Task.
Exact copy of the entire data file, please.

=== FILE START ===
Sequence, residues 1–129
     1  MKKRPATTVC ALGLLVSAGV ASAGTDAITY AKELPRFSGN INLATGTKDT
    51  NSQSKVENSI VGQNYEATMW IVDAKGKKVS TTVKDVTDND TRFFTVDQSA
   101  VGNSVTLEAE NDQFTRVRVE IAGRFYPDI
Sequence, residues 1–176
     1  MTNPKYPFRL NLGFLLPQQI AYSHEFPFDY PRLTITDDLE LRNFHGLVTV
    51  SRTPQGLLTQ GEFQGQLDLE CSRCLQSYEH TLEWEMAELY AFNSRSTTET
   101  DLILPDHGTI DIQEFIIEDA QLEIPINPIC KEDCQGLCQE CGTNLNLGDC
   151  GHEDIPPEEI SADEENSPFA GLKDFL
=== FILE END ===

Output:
Sequence, residues 1–129
     1  MKKRPATTVC ALGLLVSAGV ASAGTDAITY AKELPRFSGN INLATGTKDT
    51  NSQSKVENSI VGQNYEATMW IVDAKGKKVS TTVKDVTDND TRFFTVDQSA
   101  VGNSVTLEAE NDQFTRVRVE IAGRFYPDI
Sequence, residues 1–176
     1  MTNPKYPFRL NLGFLLPQQI AYSHEFPFDY PRLTITDDLE LRNFHGLVTV
    51  SRTPQGLLTQ GEFQGQLDLE CSRCLQSYEH TLEWEMAELY AFNSRSTTET
   101  DLILPDHGTI DIQEFIIEDA QLEIPINPIC KEDCQGLCQE CGTNLNLGDC
   151  GHEDIPPEEI SADEENSPFA GLKDFL